What Does It Mean to ‘Read the Riot Act’?
Has anyone ever read you the riot act? If so, you were likely misbehaving.
To read the riot act means to put someone on notice that their behavior is unacceptable. Antisocial. Just plain wrong!
When you were a kid, your mom probably read you the riot act many times. Maybe when you sat on the couch with muddy clothes. Or showed up at 4:00 a.m. when you had a midnight curfew.
But is there an actual Riot Act? And does it have to be read aloud?
Yes and yes.
“The Riot Act” is shorthand for a long law passed by the British Parliament in 1714. Its official name is “An Act for preventing tumults and riotous assemblies, and for the more speedy and effectual punishing the rioters.” Whew!
The law was passed at a time of political unrest in England. George I, of the House of Hanover, ruled the land. Yet he feared rebellion from “the Old Pretender”—the exiled James III, of the House of Stuart.
James’ supporters, in the words of the law, had held “many rebellious riots and tumults … in divers parts of this kingdom, to the disturbance of the publick peace, and the endangering of his Majesty’s person and government.”
George didn’t care for that. So he encouraged Parliament to pass the Riot Act. The act allowed local officials to declare any gathering of more than 12 people “unlawfully, riotously, and tumultuously assembled.”
If the official made this proclamation loudly, near the rioters, the rioters had one hour to disperse—under penalty of death.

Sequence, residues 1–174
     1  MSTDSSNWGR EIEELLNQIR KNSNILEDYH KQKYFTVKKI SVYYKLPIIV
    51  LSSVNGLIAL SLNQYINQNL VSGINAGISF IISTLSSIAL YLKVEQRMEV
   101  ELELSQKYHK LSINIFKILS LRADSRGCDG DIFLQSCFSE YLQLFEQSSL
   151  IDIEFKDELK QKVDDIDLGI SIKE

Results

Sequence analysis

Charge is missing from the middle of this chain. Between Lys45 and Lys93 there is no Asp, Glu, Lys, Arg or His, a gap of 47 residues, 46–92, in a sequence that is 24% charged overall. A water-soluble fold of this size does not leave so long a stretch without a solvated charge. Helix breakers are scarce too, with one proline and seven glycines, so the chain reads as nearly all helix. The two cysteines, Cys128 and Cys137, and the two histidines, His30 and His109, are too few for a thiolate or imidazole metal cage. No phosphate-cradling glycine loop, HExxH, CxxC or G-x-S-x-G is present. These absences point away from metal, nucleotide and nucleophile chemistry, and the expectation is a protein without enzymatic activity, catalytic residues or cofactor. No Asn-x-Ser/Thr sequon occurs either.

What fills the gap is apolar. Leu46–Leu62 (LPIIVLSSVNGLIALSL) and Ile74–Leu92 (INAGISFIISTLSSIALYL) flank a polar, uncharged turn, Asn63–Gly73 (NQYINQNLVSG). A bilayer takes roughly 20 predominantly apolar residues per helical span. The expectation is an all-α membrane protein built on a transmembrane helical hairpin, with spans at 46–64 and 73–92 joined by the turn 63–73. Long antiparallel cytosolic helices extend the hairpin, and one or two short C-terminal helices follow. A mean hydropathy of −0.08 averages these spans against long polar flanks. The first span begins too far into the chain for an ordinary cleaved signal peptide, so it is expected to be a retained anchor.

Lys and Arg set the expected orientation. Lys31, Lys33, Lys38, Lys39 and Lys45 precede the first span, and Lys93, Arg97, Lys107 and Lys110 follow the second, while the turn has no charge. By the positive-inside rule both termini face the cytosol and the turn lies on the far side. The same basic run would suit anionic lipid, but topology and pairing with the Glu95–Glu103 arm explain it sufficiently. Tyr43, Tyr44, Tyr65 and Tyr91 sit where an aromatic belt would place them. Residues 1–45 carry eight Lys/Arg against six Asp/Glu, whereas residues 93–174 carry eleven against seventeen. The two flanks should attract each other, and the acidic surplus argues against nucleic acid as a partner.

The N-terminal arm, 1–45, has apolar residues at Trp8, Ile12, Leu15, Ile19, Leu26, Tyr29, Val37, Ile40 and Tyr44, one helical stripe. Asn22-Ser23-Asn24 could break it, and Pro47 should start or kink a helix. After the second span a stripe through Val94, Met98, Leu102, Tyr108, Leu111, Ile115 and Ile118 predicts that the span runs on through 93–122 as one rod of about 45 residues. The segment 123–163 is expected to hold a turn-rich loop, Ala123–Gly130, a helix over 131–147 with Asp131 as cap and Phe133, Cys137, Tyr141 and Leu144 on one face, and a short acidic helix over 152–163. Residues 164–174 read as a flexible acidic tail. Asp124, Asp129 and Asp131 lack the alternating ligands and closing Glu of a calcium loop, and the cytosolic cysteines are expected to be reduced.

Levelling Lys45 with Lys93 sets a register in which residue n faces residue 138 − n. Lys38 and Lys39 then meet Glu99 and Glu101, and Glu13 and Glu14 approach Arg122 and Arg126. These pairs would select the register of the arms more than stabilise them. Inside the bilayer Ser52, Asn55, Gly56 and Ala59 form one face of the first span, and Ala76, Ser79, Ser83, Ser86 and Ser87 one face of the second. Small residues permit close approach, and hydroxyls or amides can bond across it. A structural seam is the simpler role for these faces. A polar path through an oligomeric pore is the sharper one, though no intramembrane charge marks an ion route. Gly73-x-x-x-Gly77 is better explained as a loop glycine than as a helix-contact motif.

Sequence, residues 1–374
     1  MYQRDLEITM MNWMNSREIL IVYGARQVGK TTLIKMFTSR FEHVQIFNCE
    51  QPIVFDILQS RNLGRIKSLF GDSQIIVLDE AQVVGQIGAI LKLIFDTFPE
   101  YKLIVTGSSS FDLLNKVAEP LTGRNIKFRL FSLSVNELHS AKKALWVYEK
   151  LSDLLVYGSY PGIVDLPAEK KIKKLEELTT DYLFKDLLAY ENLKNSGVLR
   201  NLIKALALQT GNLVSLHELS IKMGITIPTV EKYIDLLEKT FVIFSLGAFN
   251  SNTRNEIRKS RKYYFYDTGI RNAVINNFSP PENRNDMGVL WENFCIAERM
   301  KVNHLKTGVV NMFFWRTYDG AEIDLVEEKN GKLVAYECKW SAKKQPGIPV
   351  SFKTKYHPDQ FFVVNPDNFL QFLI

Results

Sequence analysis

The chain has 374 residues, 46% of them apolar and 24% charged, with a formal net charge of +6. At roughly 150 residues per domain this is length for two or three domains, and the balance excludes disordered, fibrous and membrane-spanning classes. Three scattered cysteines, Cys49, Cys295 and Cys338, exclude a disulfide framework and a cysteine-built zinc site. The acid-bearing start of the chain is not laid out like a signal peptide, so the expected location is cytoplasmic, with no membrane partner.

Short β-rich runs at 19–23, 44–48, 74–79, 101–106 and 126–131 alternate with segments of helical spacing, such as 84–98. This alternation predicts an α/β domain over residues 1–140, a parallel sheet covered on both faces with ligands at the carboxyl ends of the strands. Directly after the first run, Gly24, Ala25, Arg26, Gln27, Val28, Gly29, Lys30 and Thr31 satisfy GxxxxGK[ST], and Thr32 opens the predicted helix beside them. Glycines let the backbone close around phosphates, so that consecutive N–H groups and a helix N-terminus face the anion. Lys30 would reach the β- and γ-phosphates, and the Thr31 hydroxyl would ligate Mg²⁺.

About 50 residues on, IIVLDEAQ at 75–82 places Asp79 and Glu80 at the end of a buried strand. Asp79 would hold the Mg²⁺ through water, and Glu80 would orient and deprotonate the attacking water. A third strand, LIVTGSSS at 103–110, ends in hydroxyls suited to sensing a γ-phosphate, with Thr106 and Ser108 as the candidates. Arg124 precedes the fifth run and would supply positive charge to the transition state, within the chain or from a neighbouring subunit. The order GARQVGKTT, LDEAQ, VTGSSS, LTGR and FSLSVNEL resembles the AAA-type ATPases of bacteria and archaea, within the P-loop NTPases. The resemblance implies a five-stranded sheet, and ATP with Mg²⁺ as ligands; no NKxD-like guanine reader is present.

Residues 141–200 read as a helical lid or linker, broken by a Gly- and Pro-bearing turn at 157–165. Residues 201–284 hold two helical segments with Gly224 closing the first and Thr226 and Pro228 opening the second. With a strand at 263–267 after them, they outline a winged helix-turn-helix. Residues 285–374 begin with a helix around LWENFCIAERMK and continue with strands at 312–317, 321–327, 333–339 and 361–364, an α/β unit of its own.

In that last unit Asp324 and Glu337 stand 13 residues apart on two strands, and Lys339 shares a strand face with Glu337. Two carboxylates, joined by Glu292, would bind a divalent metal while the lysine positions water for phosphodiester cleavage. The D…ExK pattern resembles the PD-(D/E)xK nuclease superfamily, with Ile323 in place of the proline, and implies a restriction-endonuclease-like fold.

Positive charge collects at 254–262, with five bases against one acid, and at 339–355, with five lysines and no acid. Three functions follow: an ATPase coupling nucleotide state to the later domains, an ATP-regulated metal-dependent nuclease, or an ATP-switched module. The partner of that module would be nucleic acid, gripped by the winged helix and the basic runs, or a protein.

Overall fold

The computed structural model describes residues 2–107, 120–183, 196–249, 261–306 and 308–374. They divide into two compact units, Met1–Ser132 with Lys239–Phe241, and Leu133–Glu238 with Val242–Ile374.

The Riot Act continued to be read in England until 1967, when it was repealed. Its use in the sense of “to give a stern warning” continues today, long after the royals of Hanover and Stuart lay underground.
But if you want to stop someone’s bad behavior, you could still stand in front of them and say this:
Our Sovereign Lady the Queen chargeth and commandeth all persons, being assembled, immediately to disperse themselves, and peaceably to depart to their habitations, or to their lawful business, upon the pains contained in the act made in the first year of King George, for preventing tumults and riotous assemblies. God Save the Queen!
Who knows? Reading them the riot act just might work.
So, that’s your tidbit for today. To read the riot act means to warn or reprimand soundly.
Ammer, Christine. Read the Riot Act. American Heritage Dictionary of Idioms, 2nd ed. Houghton Mifflin Harcourt, 2013.